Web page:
With winter round the corner, Delhi prepare to tackle soaring pollution levels that cover the city’s sky with a thick layer of smog due to paddy straw burning in neighbouring Punjab and Haryana.
On Saturday, Punjab Chief Minister Bhagwant Mann said the Centre has turned down the state government’s proposal of contributing to the cash incentive to farmers for not burning stubble.
The state government had proposed to give Rs 2,500 per acre to paddy growers. It suggested that the Centre pay Rs 1,500 per acre while Rs 1,000 per acre will be borne by Punjab and Delhi governments.
Paddy straw burning in Punjab and Haryana is one of the reasons behind the alarming spike in air pollution levels in the national capital in October and November as farmers set their fields on fire to quickly clear off the crop residue before cultivating wheat and potato.
Punjab generates around 20 million tons of paddy straw annually.
In a video message, Punjab CM Mann on Saturday said, “We had written to the Centre that it should help us over the issue of stubble burning.”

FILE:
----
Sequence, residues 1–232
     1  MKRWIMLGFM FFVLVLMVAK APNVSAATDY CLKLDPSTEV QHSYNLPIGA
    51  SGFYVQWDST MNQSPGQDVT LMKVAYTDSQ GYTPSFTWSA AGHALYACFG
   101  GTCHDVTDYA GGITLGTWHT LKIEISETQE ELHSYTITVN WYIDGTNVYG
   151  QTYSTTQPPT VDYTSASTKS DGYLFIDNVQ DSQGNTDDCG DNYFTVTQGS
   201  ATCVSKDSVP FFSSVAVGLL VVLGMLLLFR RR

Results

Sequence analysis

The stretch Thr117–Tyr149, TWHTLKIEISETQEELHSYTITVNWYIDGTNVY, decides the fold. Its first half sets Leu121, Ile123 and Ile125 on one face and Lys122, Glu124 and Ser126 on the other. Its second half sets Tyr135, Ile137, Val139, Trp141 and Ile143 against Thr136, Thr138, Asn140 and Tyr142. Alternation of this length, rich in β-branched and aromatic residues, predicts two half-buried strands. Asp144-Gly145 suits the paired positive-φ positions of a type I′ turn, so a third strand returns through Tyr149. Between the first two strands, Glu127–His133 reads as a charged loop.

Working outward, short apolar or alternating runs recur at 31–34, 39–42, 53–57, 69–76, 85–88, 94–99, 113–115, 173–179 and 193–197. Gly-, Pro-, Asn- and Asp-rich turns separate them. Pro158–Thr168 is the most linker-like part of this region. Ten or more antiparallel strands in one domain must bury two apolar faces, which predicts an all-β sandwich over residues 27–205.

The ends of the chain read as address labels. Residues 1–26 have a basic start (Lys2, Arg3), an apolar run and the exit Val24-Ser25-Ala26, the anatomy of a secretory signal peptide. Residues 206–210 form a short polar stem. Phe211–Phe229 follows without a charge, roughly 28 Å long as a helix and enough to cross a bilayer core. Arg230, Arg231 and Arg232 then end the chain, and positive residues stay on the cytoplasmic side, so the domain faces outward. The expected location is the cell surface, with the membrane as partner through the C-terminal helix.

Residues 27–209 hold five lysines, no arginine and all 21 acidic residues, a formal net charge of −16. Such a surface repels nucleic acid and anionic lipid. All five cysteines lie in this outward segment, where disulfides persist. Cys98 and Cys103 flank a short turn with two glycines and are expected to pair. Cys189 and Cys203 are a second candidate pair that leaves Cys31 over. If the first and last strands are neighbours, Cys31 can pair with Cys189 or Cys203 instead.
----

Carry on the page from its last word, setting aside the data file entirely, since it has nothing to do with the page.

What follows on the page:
“But the Centre has turned down our demand,” said Mann.
He, however, added, “It does not matter. If the central government is not supporting then it does not mean we will not do anything.”
Mann said he has asked his officers to come up with another idea to check the problem.
Sharing some data related to stubble burning, Mann said paddy is sown over 75 lakh acres. Farmers over an area of 37 lakh acres manage stubble through crop residue management machines or other measures, he said.
Mann said the government is arranging machines at a big scale for the rest 38 lakh acres. More than one lakh crop residue management machines will be made available this season for managing stubble, he said.
Under the in-situ management (mixing crop residue in soil) of paddy stubble scheme, the Centre provides funds for supplying subsidised machines for management of crop residue.
With PTI inputs